MOS or Maryland Organ Service was a provider of service and maintenance for Pipe, Parlor, and Electronic Organs in the Baltimore / Washington area from 1972 to 2005.

Business card circa 1972Maryland Organ Service began in 1972 as a “retirement plan” for James Henthorn. At that time, he, a lifelong church organist and physics graduate of Johns Hopkins University, having spent most of his career life as an engineer at Hopkins Applied Physics Laboratory and at the Bendix Corp., decided that “fixing 3 or 4 organs a month” would be a good way to occupy himself in his retirement.

He was wrong.

Not only did he fix many more organs than that “3 or 4 a month” but he also was delightfully surprised to find there was a great market for organ repair.

From 1969 or so, until 1972 Mr. Henthorn repaired organs on a “side job” basis. During this time he began to establish himself as a technician for many manufacturers. By the mid 70’s he had accomplished being “Factory Authorized” by almost every major manufacturer and had achieved “Master Technician” status with the Hammond Organ Company.

During the 80’s he achieved status as a member of the “Baldwin Master Organ Guild” and joined as a charter member of MITA (Musical Instruments Technicians Association) International.

On December 31st 1995, James E. Henthorn, Jr. retired from “active” service with MOS, although he still occasionally provides me with a helping hand as I did for him so many years ago.

It was during the summer of 1975 that I, at age 5, began my career. Crawling into the chambers of a pipe organ, I tuned my first pipe.

It took almost 30 minutes! Now I can tune an entire rank (61 pipes) and more in that time.

From there, spending summers tagging along on service calls became a tradition. It wasn’t long before I started “toying” with electronics and reading technical manuals. I continued to do more mechanical work, holding keys, taking off and reinstalling organ backs, etc. By my high school years I had enrolled in a 3 year “Computers, Electronics and Robotics” course offered through the school system, and concurrently was instructed in “Vacuum Tube Technology” by my grandfather, Mr. Henthorn.

In 1988 I became a full fledged employee of Maryland Organ Service. Though I left in 1994 to work at a local pipe organ restoration shop. I returned in winter of 1995-96 to take the reigns of Maryland Organ Service.

1997-2005 were marked with and expansion into the DC and Northern Virgina areas in order to combat continually declining revenues.  MOS provided support for Yamaha digital pianos and diskclaviers in addition to it’s regular customers.

Late in 2004 I was approached by Steve Hayes of Speakeasy Vintage Music about designing a new motor controller that would overcome the short comings of other products that were available at that time.  I designed what would become the Caribbean Motor Controller.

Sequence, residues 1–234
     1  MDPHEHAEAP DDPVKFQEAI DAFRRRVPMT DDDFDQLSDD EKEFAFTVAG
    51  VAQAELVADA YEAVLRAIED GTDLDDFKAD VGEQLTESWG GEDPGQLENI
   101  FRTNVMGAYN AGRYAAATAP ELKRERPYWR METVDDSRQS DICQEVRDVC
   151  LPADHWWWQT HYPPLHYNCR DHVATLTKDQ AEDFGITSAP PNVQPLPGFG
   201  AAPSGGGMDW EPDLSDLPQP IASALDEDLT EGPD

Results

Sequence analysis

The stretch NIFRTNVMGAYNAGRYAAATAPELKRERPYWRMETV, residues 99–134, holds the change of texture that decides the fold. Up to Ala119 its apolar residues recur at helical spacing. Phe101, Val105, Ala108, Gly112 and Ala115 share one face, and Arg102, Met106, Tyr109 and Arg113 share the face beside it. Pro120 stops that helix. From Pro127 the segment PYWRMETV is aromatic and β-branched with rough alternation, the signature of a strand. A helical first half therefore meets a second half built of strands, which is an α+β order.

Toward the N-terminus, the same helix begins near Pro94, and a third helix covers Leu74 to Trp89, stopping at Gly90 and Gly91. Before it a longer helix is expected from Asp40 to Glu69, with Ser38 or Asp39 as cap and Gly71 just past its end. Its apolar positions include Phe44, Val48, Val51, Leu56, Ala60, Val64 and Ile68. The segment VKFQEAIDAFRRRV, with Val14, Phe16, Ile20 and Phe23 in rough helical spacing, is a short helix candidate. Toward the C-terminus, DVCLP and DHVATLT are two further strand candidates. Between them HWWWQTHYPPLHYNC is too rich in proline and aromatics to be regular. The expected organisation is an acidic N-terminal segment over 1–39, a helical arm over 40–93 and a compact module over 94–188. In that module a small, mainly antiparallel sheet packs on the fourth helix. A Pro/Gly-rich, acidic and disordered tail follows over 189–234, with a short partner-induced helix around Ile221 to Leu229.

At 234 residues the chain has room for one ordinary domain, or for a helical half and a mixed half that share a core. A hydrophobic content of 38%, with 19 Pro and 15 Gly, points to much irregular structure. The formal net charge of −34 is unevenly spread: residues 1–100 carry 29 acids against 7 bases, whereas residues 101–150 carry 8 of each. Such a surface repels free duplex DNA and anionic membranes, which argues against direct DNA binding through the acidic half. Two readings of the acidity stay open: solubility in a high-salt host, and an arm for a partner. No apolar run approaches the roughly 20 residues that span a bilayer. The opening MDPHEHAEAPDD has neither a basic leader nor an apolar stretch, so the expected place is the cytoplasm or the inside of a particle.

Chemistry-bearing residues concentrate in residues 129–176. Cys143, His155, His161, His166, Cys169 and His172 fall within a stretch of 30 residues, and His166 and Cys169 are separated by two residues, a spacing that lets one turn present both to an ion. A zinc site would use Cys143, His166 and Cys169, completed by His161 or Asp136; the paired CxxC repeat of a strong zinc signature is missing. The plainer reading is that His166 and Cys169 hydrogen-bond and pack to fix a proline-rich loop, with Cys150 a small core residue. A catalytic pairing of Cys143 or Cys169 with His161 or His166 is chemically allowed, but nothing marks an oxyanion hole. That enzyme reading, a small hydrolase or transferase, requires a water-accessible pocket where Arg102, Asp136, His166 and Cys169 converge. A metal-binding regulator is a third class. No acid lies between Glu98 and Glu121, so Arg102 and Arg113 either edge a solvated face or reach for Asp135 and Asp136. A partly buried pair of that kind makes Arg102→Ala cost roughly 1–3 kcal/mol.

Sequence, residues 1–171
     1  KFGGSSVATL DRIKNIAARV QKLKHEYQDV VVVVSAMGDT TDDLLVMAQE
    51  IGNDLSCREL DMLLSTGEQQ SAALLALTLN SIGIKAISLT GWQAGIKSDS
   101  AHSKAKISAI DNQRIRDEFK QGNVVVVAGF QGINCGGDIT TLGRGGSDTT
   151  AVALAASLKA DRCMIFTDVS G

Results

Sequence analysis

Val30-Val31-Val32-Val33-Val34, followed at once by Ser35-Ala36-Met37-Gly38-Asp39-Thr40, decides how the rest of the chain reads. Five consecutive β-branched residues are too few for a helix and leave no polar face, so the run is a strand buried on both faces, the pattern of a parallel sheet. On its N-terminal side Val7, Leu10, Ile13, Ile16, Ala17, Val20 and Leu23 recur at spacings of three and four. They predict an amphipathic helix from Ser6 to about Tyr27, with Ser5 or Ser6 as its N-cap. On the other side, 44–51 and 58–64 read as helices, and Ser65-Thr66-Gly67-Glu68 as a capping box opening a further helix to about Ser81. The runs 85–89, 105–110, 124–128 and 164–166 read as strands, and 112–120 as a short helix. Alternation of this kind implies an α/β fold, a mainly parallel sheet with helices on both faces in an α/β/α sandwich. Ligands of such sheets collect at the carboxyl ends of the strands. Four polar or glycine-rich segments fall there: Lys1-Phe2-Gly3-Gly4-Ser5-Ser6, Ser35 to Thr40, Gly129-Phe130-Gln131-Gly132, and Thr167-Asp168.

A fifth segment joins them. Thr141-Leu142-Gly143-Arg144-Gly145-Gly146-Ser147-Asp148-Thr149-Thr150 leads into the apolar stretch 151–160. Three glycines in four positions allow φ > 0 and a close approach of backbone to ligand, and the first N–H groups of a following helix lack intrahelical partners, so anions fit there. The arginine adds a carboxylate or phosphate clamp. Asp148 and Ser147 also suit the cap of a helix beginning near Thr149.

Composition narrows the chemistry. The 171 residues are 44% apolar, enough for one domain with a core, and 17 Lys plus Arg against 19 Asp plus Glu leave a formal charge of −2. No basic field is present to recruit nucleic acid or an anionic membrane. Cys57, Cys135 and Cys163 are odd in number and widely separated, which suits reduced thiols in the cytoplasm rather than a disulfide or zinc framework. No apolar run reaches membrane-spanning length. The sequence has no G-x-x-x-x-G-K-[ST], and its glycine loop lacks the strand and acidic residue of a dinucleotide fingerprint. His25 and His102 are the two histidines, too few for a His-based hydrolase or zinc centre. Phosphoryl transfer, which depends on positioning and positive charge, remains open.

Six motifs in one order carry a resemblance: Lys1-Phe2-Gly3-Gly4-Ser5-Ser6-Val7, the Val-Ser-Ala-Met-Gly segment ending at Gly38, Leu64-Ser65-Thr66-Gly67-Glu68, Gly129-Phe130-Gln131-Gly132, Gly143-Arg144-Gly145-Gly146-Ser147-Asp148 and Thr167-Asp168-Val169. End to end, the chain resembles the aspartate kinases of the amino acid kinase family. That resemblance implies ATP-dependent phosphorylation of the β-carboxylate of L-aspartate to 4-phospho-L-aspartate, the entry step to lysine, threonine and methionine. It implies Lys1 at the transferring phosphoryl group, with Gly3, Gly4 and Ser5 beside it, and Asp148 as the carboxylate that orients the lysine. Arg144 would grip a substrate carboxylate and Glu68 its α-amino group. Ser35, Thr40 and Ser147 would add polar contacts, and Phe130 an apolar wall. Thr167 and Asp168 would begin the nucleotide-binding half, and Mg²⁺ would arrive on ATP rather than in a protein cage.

In 2005, MOS was handed over to Speakeasy Vintage Music and I accepted a position with them as General Manager and Design Engineer, thus ending 33 years of MOS history.

Time Line


  • James E. Henthorn, Jr. Born in Baltimore, MD.


  • James Henthorn enrolls in Johns Hopkins University as a Premed Student, later changed to Physics.


  • James Henthorn graduates from JHU as a Physics Major, Math Minor.


  • James Henthorn attends graduate school at JHU, while working in the spectroscopy center on NDRC (National Defense Research Council) research.


  • Joins the staff at Hopkins APL (Applied Physics Laboratory).


  • Works at the APL developing advanced models of the “Proximity Fuze”


  • Leaves APL for a new job at Bendix


  • Works as an Engineer at the Bendix Corporation. Work includes design and construction of everything from radios transceivers and radar systems, to NASA tracking stations and Nuclear powered Submarines (He was part of the team that developed the control systems for the nuclear reactor aboard the Nautilus, the US Navy’s first nuclear powered sub).


  • Theodore E. Thompson Born in Baltimore, MD. (the son of Mr. Henthorn’s 2nd daughter)


  • Ed Henthorn starts “Sight and Sound Service”, soon changed to Maryland Organ Service.


  • Ed Henthorn begins training a new generation of technician, who calls him “pop-pop”.
  • Ed Henthorn is awarded “Master Technician” status by the Hammond Organ Company.


  • Ted Thompson, having developed a pastime of reading service manuals, begins his apprenticeship in earnest.


  • Ted Thompson enrolls in a 3 year electronics course at school


  • Ted Thompson becomes a full time employee of Maryland Organ Service, marking the end of his apprenticeship. He begins “flying solo” taking on a percentage of the service work himself.


  • Ted Thompson temporarily takes over as head of MOS while Mr. Henthorn is treated, successfully, for cancer.


  • April 14th – Ted and Deborah are married.


  • Ted Thompson leaves MOS to take a job at; and train with David M. Storey.


  • February 16th – Ted Thompson achieves “Factory Authorized Technician” status with the Roland Corporation USA.
  • While at David M. Storey Ted Thompson works on the “Old Otterbien” and “St. Leo’s” restorations in Baltimore, MD.
  • December 31st – James Henthorn retires from active duty at MOS


  • Ted Thompson takes over as head of MOS
  • MOSweb web site project begins


  • MOS relocates to Halethorpe, MD.


  • Ted Thompson accepts a part time position at Speakeasy Vintage Music as acting General Manager.


  • Ted Thompson becomes General Manager, Engineer, and Lead Piano Technician at Speakeasy Vintage Music.
  • Maryland Organ Service is taken over, and subsequently closed, by Speakeasy Vintage Music.